Destruction and Autism

You would think I would be use to it by now–the idea that destruction and autism go hand in hand. But…I don’t know if I will ever accustom myself to the idea that everything I own can be shredded, painted, broken or ruined in some way.


To back up a little, Christmas 2009, my husband and I were responsible for the Christmas play at our church. For one of the characters, I had to create a beard so I ordered crepe wool and liquid latex from a theatrical make-up company, made the beard and afterward stored the leftover materials in a cabinet. Fast forward to Friday, I was upstairs on my laptop paying bills when my husband walked through the door. Almost immediately, he hollered up the stairs, “Hey, Laura, what’s your good coat doing on the floor of the kitchen?” Now, understand, this coat is nice. My dad got it for me for Christmas several years ago and I love it. It was an expensive dress coat and made of a very nice wool. My dad is getting older too and I know he won’t be around forever so there is some sentimentality to the coat as well.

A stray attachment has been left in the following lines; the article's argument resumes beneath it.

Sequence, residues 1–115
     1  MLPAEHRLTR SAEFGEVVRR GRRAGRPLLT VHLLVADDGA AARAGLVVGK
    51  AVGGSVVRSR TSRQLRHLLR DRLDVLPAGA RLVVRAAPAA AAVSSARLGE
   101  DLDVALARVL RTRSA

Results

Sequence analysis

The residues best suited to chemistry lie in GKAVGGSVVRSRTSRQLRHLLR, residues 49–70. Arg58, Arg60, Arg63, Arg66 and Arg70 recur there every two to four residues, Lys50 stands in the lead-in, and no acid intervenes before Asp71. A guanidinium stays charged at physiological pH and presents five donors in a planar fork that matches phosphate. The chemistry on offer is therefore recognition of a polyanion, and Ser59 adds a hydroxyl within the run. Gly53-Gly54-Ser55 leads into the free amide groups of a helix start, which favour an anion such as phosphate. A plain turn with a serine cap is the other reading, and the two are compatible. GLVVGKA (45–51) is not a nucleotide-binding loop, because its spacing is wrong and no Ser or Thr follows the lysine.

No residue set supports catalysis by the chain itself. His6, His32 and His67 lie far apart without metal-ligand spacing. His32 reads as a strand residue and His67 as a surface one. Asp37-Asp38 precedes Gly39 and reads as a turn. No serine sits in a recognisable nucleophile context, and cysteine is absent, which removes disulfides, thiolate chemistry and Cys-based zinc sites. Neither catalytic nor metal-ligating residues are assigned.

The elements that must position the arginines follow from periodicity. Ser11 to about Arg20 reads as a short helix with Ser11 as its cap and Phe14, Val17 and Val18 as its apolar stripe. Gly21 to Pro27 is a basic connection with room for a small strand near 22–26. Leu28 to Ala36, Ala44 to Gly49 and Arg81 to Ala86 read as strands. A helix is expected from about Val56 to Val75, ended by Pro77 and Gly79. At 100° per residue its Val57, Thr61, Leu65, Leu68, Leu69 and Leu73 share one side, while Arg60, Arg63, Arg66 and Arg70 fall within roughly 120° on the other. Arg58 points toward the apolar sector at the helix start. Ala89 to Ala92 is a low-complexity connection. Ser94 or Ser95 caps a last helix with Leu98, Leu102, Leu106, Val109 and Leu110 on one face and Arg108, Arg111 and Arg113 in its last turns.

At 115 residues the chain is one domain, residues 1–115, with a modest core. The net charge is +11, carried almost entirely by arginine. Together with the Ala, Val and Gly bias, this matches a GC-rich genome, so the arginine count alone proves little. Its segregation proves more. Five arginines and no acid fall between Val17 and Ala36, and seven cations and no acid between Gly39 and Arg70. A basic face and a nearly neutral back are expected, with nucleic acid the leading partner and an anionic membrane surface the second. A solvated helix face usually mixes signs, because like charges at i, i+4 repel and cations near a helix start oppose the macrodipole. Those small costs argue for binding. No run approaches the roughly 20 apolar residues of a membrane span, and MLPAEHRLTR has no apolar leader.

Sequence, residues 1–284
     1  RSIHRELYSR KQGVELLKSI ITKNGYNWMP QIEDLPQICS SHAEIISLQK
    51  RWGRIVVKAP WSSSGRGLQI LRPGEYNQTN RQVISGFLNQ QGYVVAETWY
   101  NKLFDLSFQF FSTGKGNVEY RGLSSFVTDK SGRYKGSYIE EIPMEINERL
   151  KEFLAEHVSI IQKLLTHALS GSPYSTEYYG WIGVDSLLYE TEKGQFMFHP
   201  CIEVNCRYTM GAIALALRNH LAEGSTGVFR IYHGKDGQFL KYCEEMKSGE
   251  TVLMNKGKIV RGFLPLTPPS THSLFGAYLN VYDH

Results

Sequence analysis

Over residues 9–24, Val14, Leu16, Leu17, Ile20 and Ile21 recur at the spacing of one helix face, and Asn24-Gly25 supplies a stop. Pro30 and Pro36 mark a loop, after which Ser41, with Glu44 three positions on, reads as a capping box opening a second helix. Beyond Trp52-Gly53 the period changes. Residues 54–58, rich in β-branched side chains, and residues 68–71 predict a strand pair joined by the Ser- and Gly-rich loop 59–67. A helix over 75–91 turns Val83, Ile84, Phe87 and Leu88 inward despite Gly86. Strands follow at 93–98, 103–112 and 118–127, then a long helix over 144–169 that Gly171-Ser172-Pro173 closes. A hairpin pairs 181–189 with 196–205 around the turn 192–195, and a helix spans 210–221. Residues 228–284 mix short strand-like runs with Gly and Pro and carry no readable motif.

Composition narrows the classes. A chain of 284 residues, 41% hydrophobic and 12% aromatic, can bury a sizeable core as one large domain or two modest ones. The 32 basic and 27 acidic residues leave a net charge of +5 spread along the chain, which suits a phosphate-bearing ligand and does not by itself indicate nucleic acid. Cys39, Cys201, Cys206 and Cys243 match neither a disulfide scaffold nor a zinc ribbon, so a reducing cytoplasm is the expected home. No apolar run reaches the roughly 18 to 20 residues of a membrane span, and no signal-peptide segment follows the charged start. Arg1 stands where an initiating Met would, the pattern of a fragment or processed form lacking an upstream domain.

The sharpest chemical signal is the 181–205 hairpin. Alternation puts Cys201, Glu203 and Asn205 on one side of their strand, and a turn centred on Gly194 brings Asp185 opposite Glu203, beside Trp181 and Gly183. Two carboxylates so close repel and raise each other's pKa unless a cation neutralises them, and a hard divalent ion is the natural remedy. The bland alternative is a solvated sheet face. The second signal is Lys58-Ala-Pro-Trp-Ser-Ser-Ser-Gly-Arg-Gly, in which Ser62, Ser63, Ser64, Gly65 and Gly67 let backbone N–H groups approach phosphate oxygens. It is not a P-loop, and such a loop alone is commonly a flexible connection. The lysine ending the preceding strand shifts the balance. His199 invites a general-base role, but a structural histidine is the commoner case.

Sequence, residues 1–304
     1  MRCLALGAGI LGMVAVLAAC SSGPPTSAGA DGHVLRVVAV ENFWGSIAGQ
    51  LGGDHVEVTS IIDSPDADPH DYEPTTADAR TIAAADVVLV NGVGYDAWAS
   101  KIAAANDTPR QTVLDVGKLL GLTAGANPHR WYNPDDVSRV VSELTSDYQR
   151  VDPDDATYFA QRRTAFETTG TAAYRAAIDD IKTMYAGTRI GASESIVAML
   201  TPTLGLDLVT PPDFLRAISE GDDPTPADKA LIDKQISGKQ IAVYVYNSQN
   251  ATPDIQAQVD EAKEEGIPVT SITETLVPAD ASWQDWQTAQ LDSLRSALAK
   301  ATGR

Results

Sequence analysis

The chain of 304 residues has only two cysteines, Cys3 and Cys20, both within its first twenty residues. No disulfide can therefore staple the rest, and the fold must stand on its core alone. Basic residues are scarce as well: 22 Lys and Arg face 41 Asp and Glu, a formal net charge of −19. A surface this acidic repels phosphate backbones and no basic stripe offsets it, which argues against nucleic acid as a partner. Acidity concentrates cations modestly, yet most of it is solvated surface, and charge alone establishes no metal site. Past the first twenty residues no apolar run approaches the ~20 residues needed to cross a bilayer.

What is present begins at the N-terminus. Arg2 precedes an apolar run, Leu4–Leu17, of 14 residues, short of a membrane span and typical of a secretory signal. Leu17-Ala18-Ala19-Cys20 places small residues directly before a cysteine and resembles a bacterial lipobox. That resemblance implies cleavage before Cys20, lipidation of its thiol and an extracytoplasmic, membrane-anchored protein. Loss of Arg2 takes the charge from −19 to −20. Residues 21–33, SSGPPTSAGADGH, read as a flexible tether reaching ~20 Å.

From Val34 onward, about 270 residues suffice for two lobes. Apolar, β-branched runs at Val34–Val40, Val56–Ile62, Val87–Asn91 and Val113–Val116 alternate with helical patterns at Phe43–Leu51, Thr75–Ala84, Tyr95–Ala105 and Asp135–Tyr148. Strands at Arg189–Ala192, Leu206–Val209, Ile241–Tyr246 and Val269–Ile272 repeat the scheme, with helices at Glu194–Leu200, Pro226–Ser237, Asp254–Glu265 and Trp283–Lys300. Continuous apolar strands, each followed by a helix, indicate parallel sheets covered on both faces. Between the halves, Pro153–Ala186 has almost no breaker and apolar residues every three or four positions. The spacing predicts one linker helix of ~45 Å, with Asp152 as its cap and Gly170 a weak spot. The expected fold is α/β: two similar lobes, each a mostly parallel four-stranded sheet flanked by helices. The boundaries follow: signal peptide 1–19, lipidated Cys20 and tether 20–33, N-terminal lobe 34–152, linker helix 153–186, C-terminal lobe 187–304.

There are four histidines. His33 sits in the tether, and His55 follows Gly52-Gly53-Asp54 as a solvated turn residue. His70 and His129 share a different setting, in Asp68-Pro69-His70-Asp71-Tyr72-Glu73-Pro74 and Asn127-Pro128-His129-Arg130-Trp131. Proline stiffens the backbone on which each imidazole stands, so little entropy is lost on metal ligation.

I’m sure by now you can guess what happened. Peter (these stories do seem to involve him a lot, don’t they?) found the liquid latex and spilled some on the floor. He grabbed the biggest, handiest thing he could find, which was my coat, and used it to mop up the floor.

There is liquid latex dried all over my good coat. It’s on the collar, the cuffs, the back, the lining–*sigh*– I’ve concluded that nice things need to be hidden (my china is stored in a closet–likely never to see the light of day) or I need to resign myself to their possible destruction.

I’m going to drop my coat off at the dry cleaners and tell them what happened. I’m hopeful dry cleaning solvent can get the latex out.

On the bright side, I ordered two jackets that were on clearance from a department store and I went by GoodWill and bought two really nice coats (one appears to be a brand new London Fog raincoat) for only $9.00 each.

Even at nine dollars, I’ll likely cry if something happens to the London Fog.

Fraud in Autism Study?

Personally, I am not a firm believer in the autism/vaccine link. In our experience, one child showed signs of autism early and the other one may have shown signs early on. But do I think giving kids as many vaccines we do on the schedule we do is a good thing? No. I think they need to be spread out more and given during a wider time table.

We tend to overload their systems with multiple vaccines for various diseases and expect their young immune systems to deal with them. I do think that kids with autism are experiencing a wide array of issues. Peter, for example, is allergic to a whole plethora of things. Nathan has some allergies but not as many.

Because of this, their pediatrician has juggled their vaccinations and spread their boosters over a longer time period. Just in case.

Read more and see the interview of Dr. Wakefield over at CNN: